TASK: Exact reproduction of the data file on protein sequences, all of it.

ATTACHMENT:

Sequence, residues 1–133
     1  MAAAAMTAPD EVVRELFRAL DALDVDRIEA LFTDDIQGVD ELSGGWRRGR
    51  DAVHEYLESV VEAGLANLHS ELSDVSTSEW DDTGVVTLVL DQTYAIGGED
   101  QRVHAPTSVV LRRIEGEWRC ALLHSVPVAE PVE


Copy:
Sequence, residues 1–133
     1  MAAAAMTAPD EVVRELFRAL DALDVDRIEA LFTDDIQGVD ELSGGWRRGR
    51  DAVHEYLESV VEAGLANLHS ELSDVSTSEW DDTGVVTLVL DQTYAIGGED
   101  QRVHAPTSVV LRRIEGEWRC ALLHSVPVAE PVE